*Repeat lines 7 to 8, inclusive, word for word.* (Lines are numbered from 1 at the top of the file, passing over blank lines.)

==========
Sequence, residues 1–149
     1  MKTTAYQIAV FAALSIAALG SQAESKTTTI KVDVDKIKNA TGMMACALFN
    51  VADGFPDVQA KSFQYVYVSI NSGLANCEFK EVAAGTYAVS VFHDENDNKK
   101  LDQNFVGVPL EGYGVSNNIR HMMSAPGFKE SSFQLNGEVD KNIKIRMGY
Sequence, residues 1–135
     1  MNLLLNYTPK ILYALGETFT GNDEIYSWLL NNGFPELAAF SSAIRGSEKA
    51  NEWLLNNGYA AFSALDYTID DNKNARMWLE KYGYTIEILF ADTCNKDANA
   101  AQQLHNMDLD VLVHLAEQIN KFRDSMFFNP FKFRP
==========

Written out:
    51  NEWLLNNGYA AFSALDYTID DNKNARMWLE KYGYTIEILF ADTCNKDANA
   101  AQQLHNMDLD VLVHLAEQIN KFRDSMFFNP FKFRP